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Maryland Inheritance Taxes

| Jan 22, 2019 | Estate Planning |

The inheritance and estate taxes are a common concern for parents or grandparents leaving assets to younger heirs. A common question is whether leaving a certain amount of money to children or grandchildren will hurt the heirs in terms of a hefty taxes burden. In reality, not everyone pays the inheritance tax, whether state or federal.

Two Taxes

Most states impose only a single tax, and lump inheritance and estate together into one. But in Maryland, there is both an inheritance tax AND an estate tax. The state Comptroller defines the inheritance tax as “the clear value of property that passes from a decedent to some beneficiaries. The tax is levied on property that passes under a will, the intestate laws of succession, and property that passes under a trust, deed, joint ownership, or otherwise.” Whereas the estate tax is defined as “a state tax imposed on the transfer of property in a decedent’s estate.”

More information from the Comptroller of Maryland: https://taxes.marylandtaxes.gov/Individual_Taxes/Individual_Tax_Types/Estate_and_Inheritance_Tax/Tax_Information/

Exemption Amounts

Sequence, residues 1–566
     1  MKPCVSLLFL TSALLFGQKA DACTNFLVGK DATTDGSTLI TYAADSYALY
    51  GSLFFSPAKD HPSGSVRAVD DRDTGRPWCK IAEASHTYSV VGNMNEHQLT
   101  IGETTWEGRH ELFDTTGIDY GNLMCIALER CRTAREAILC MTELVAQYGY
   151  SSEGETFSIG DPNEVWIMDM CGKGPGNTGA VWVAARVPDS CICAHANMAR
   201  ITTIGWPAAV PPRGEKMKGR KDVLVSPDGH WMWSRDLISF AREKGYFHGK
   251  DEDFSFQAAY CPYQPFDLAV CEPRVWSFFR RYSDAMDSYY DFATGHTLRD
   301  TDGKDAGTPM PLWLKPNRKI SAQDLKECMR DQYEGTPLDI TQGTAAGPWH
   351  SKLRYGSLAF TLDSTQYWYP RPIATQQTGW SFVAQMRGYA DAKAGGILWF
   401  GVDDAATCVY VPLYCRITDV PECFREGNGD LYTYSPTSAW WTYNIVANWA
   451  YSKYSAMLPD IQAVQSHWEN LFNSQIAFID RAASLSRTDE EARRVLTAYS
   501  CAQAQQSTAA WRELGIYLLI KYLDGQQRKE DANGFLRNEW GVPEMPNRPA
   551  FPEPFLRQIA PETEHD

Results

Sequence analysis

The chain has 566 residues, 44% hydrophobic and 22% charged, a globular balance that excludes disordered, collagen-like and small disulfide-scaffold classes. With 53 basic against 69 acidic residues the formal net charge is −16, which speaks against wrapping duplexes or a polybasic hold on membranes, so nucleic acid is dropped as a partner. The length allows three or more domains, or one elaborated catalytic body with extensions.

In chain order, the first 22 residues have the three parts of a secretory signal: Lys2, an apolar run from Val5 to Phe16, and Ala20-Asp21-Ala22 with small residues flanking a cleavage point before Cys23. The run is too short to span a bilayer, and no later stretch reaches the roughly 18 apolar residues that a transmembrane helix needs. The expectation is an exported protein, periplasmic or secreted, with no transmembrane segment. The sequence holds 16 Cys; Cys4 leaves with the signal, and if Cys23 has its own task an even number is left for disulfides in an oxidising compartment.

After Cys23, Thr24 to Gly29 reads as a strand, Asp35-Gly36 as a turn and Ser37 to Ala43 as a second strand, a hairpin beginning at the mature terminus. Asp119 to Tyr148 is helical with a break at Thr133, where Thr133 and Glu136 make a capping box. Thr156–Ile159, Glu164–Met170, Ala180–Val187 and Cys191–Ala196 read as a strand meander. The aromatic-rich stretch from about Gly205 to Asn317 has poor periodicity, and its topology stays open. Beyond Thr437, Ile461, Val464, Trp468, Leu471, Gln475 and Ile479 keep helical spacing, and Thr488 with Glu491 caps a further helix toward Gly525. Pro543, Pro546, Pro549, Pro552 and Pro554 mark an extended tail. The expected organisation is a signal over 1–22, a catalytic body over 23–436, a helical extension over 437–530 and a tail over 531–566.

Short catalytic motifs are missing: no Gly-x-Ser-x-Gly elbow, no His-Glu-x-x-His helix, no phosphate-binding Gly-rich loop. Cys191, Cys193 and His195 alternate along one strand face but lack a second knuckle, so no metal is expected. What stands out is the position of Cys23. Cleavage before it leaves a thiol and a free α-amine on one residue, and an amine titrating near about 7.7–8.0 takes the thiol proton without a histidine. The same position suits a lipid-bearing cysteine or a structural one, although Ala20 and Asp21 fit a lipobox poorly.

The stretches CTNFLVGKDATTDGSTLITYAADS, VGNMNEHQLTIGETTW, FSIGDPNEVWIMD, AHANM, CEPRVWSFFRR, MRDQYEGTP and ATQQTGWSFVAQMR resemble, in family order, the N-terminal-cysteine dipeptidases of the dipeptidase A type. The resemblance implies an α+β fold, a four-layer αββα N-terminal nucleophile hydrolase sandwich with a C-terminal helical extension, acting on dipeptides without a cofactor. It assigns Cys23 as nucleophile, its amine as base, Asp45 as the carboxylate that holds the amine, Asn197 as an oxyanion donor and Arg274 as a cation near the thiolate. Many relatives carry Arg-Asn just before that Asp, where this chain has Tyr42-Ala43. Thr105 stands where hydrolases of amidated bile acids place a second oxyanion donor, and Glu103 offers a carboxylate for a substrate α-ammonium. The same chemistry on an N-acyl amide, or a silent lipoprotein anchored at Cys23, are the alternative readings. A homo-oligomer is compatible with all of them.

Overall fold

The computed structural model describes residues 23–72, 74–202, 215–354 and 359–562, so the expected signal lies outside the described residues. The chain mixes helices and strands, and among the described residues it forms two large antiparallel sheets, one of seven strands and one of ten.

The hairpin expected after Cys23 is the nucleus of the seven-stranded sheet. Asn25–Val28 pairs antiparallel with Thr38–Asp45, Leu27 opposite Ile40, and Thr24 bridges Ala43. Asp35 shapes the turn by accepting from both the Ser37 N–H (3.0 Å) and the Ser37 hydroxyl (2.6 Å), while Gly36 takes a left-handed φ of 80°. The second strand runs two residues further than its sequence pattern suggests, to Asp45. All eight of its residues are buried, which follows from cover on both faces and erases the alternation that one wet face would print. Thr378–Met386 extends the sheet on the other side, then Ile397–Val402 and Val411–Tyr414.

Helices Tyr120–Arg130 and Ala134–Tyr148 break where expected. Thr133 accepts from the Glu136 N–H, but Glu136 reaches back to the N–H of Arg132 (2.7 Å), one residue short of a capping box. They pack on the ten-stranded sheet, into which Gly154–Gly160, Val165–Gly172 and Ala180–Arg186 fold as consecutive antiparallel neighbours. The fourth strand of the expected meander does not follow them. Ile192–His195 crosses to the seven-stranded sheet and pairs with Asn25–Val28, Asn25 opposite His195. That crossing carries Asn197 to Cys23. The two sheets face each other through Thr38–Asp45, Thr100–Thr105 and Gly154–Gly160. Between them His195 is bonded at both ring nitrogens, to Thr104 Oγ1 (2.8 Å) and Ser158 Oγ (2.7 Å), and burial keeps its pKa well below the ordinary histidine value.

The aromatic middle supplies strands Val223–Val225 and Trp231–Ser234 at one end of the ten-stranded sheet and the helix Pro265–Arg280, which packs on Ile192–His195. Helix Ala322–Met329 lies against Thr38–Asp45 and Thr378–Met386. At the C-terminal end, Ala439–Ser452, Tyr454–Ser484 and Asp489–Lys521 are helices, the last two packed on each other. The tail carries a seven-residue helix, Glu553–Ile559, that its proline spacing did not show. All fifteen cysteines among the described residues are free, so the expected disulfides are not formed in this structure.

In 2018, the federal estate and gift tax exemption was $5.6 million per individual. This means that one person can leave an heir up to $5.6 million without paying a federal estate or gift tax.

For the state estate tax, the limit was changed in 2018 to align with the federal amounts and was set at $5 million for decedents who pass on or after January 1, 2019.

For the inheritance tax, most relatives are exempt from the state’s 10% inheritance tax. Close relatives, such as children, spouses, parents and grandparents, siblings, and stepchildren, are considered exempt. Charities who receive a contribution from an estate are also exempted.

To reduce the eventual inheritance paid after the grantor’s death, it is possible to gift a certain amount of money yearly to an heir and thus reduce the estate over time. Maryland doesn’t have a separate gift tax, but a federal tax is imposed on monetary gifts over $15,000 given by one person to another one person. This means that one parent can give one child up to $15,000 per tax year without paying a tax penalty; or two parents can each individually give a child or child and child’s spouse each up to that amount without paying the tax.

Who Pays the Taxes?

So in essence, not everyone who lives in Maryland is going to be subject to inheritance, estate, or gift taxes. A certain amount is exempted, and unless your estate or gift exceeds those amounts, the beneficiary won’t be subject to the tax. Talk to an estate or tax professional for questions about your specific situation if you’d like to know more.